Implementing Evidence-Based Quality Improvement (EBQI) Initiatives is not without ethical controversies. The first controversy is related to informed consent. In some instances, getting consent from every patient may not be possible, resulting in the possibility of excluding a significant portion of patients in the study, who may have benefitted from the intervention. Secondly, there may be issues related to equity, where certain vulnerable populations are excluded from the intervention, resulting in social injustice. Lastly, issues related to privacy can also arise, where patients’ private information may be disclosed, leading to various repercussions.
These controversies relate to the four core ethical principles: autonomy, beneficence, non-maleficence, and justice. Autonomy is concerned with patients’ self-determination in decision-making, related to informed consent, equity, and privacy. Beneficence refers to the promotion of good and reduction of harm in care, related to inclusive interventions and consideration of patients’ unique needs. Non-maleficence concerns the avoidance of harm in care and research, related to privacy and protecting patients’ information. Lastly, issues related to equity and inclusion relate to the principle of justice.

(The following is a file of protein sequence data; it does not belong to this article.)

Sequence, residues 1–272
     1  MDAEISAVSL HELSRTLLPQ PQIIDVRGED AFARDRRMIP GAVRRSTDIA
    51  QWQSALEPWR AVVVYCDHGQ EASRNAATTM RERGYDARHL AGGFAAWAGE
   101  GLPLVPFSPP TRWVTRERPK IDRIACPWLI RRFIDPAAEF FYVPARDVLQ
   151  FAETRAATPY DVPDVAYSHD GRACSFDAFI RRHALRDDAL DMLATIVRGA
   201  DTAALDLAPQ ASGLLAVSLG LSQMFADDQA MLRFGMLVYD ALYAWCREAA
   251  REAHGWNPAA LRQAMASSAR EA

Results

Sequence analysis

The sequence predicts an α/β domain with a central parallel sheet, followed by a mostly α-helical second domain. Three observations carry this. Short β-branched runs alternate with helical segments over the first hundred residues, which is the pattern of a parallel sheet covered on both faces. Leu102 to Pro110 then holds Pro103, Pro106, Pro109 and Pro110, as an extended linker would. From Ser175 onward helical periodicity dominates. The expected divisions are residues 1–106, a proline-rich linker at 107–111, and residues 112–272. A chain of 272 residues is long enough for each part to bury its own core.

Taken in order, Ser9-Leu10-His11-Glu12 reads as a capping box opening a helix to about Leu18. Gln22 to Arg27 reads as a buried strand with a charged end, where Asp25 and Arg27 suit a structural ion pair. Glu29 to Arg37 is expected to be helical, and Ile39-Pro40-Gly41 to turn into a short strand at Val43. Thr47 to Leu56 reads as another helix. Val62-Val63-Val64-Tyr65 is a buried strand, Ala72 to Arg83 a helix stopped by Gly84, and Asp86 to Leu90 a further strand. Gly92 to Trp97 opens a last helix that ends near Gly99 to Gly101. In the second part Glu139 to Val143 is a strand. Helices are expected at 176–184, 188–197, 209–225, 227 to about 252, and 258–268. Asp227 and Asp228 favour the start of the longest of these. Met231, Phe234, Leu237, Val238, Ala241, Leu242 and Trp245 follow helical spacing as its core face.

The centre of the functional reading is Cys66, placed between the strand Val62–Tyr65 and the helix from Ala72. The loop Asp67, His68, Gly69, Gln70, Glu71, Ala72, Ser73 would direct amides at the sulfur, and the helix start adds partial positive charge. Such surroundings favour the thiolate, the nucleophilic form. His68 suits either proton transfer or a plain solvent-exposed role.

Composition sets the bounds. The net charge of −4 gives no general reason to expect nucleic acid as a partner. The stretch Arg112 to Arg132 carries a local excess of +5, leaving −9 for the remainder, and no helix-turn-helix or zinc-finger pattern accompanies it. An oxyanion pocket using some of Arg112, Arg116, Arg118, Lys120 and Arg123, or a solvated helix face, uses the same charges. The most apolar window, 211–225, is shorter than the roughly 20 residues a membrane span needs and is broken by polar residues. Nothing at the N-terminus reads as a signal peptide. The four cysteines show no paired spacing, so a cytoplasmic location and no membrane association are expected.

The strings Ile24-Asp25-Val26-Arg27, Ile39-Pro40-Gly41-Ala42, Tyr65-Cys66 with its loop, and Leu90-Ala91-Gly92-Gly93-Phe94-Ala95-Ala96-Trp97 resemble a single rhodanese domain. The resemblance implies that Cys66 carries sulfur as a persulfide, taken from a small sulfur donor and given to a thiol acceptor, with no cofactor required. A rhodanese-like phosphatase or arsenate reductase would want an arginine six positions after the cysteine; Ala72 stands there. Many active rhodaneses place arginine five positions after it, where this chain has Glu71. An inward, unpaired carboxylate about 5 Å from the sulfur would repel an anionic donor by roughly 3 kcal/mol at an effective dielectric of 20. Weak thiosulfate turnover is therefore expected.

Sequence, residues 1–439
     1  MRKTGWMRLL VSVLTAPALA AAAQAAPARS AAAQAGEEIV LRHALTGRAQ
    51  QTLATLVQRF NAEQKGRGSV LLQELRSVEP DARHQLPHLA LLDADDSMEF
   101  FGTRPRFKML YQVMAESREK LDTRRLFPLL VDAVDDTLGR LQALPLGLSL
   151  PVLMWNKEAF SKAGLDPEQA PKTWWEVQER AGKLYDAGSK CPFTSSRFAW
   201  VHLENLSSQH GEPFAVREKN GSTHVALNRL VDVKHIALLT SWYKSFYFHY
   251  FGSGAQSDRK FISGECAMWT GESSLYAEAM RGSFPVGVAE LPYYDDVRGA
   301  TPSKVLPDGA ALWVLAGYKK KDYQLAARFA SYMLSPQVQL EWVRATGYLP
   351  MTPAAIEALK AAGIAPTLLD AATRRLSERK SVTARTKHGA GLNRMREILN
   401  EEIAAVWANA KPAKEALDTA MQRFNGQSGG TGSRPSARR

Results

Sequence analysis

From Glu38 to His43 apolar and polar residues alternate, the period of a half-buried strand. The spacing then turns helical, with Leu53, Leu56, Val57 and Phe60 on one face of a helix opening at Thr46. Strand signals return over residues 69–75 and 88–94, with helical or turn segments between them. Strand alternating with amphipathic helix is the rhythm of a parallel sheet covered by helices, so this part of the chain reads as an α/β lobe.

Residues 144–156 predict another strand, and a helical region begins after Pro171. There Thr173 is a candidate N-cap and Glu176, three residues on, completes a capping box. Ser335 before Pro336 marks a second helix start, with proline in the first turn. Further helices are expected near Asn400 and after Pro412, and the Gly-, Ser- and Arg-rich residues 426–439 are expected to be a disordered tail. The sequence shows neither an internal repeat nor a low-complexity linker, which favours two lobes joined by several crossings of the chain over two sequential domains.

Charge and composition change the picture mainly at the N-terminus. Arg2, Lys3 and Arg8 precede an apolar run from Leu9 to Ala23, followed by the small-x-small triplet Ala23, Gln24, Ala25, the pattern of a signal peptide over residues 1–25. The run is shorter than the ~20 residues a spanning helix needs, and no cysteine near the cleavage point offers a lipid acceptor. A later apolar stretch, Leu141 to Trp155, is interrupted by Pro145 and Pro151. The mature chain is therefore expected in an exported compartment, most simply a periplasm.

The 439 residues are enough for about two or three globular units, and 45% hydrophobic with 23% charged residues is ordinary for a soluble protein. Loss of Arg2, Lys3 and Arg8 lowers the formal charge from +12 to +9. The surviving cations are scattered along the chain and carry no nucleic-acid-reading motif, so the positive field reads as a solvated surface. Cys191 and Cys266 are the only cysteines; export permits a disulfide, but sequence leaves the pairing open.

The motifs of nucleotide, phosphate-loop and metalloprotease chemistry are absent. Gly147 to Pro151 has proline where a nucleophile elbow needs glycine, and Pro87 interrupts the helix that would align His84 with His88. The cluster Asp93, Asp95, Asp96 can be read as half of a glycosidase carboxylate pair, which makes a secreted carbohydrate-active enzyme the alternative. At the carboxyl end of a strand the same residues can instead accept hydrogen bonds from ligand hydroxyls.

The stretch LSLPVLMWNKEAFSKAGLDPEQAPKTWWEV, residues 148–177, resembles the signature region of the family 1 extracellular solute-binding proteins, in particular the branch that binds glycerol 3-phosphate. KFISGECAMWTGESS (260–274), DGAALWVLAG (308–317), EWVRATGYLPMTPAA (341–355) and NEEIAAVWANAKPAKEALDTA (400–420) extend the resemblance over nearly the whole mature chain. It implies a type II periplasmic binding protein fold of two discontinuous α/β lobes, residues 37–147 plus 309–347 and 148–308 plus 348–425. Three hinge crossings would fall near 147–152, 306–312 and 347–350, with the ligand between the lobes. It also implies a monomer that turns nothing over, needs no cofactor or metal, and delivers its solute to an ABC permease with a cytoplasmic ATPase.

The concept of “patients having an ethical responsibility in improving healthcare” may conflict with the ethical principle of autonomy. Autonomy recognizes individuals’ right to self-determination and the freedom to make their health decisions independently. However, patients’ responsibility may be interpreted as a form of coercion or encroachment on their autonomy. The conflict can be resolved by considering patients’ autonomy in decision-making while acknowledging their responsibility to improve their health outcomes. For instance, patients can be given adequate information and resources to participate actively in their care decisions while recognizing their role in achieving better outcomes.
Ethics is a critical aspect of medicine and research, and it guides the implementation of interventions and decision-making in care. In this essay, we established that ethical safeguards for clinical research may not be applicable or feasible for evidence-based practice or implementation projects. We also identified ethical controversies related to implementing EBQI, which relate to core ethical principles. Lastly, we explored the concept of patients’ ethical responsibility in improving healthcare and how conflicts with the principle of autonomy can be resolved. Overall, ethical considerations are crucial in providing the best care for patients while ensuring that research and practice are conducted in a manner that is just, equitable, and respectful of patients’ autonomy.